The efforts of the Belgian Relief Committee to raise money culminate in a Grand Fete and Parade that “had grown into an undertaking not unlike a small war of its own.” It is only slightly marred when the mayor’s wife, playing Britannia attended by young women representing Scotland, Wales, Ireland, and Belgium in the parade, unleashes a fake German horde to attack their float, which causes the actual Belgian refugee, Celeste, to become hysterical. As the tone of the novel turns darker, the atrocity that Celeste suffered during the German invasion is revealed and then compounded by the reactions of the villagers to the taint this has left on the teenage girl.
One other sobering note in the parade is the appearance of the local Colonel Wheaton’s clearly unprepared unit, a description that echoes an earlier one of boys in the schoolyard playing war with sticks for rifles:
The men straggled somewhat, some limping in boots that looked hastily gathered. They carried wooden models of rifles, as official ones had yet to arrive.
“Don’t Daddy’s men look marvelous?” asked Eleanor Wheaton. “Quite the real soldiers.”
Meanwhile, Daniel and his fellow Artists Rifles soldiers have built a cozy model trench that is so far from what we now know they would encounter that the description alone is heartbreaking. It’s furnished with poetry books, a vase of wild poppies, and a Rifles officer smoking a pipe and painting on a watercolor pad.
Oddly, it’s the American living among them, Tillingham, the writer character based on Henry James, who has a premonition of what’s to come. When Beatrice encounters him on the promenade staring toward the sea, he recalls the Civil War, “the great American conflict of my youth”:
“Most of all I remember that what begins with drums and fife, flags and bunting, becomes too swiftly a long and gray winter of the spirit.”
“It is hard to imagine war on such a glorious day,” said Beatrice.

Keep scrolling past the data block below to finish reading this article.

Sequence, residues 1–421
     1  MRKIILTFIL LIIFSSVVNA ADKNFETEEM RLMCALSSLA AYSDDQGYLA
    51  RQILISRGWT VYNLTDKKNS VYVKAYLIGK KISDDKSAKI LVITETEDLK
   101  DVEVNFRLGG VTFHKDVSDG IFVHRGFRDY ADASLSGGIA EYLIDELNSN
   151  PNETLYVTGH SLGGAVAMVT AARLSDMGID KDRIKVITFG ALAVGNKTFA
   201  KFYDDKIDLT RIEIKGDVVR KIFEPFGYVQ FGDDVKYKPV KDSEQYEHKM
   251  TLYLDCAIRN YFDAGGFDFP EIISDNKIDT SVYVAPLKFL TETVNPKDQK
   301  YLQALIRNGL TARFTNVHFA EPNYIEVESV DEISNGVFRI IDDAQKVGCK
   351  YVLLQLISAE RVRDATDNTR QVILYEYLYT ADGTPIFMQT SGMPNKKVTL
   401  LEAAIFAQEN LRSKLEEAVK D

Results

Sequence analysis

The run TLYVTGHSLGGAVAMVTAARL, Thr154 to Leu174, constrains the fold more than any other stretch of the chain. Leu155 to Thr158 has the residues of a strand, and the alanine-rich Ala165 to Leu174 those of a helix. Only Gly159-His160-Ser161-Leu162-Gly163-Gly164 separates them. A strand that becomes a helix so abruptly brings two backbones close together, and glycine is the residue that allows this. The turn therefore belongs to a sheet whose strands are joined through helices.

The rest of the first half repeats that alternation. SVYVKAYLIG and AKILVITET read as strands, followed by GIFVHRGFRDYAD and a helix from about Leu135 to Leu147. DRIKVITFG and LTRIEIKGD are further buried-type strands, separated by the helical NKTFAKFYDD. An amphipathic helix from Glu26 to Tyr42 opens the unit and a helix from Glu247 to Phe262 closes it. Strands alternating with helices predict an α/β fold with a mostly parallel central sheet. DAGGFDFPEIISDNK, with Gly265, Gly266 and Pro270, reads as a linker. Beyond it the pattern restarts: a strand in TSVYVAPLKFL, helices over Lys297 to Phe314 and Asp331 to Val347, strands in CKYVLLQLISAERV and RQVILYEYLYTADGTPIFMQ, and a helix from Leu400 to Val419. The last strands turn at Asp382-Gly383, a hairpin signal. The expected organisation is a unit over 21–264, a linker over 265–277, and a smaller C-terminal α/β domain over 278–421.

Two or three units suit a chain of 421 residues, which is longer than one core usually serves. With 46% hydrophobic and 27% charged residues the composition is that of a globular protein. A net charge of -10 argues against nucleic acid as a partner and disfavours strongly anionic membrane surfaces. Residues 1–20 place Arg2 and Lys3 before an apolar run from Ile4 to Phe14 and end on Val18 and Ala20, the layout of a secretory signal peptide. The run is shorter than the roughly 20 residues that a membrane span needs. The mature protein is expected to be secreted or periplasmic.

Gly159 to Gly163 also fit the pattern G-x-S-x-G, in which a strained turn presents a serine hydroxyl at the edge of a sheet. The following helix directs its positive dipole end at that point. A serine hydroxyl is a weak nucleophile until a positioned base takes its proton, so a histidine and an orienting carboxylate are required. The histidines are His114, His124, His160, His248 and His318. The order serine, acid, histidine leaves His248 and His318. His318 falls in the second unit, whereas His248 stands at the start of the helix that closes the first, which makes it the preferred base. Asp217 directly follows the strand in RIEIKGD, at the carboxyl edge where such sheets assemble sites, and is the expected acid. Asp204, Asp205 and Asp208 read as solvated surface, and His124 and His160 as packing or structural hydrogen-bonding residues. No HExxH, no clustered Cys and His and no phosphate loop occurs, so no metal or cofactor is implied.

“Yet it is ablaze just beyond the rim of the horizon there,” said Mr. Tillingham, gesturing with his stick.
Ms. Simonson, who took this observation from Henry James’s essays, has noted that “This war was taking place across the Channel, 12 miles from the shores of Sussex. And I think that proximity brought the war home to everybody.”
Toward the end, the novel moves to the battlefields of Flanders. You would think that amid the carnage and chaos of the war, the niceties of the British class system would fall away, but in Ms. Simonson’s depiction, they’re merely relocated. She intersects the lives of her Rye soldiers as Colonel Wheaton’s regiment, not far from the front lines, is preparing for the gala regimental dinner (which is to be followed by a firing squad), a macabre echo of the village fete. When the bomb falls, however, it makes no distinction between the earl and the Gypsy boy.
The book ends with the summer after the war. The surviving central characters, including Beatrice, Aunt Agatha, and Mr. Tillingham, have traveled to visit a cemetery on the Continent where the British war dead are buried. “It was all the rage to visit the dead. . . . In London, as in Rye, the talk was of new guidebooks and of finding just the perfect little pension, from which to tour the battlefields.”
In a way, the book ends on an apologetic note about itself, the limits of the enterprise of writing a novel exposing the toll inflicted by war. Beatrice observes the writer Mr. Tillingham as he watches Aunt Agatha’s grief:
His face was as greedy as that of a glutton before the feast. She knew then he was thinking of how to use Agatha’s secret tragedy, imagining a famous story to gild his reputation and surround himself with a new aura of exquisite compassion. . . .
She walked away from him to stand and mourn alone, in a scene she knew no writer would ever capture well enough that men might cease to war. . . .
“The Summer Before the War” ends with Ms. Simonson’s potent mix of comedy, romance, and tragedy. Life begins anew with marriage and birth, and those symbolic red poppies “nodded again in fields of wheat.” If the happy ending is tarnished, it’s with the irony provided by a 21st-century reader’s hindsight. These fictional characters mistake what turns out to be the interwar period for an enduring peace following the war to end all wars — the same hope implied in President Wilson’s declaration of “Armistice Day,” as if it would be the last.
Alexandra Shelley is an independent book editor and professor of fiction writing at the New School. She spends summers in Sag Harbor.
Helen Simonson has a house in Westhampton Beach.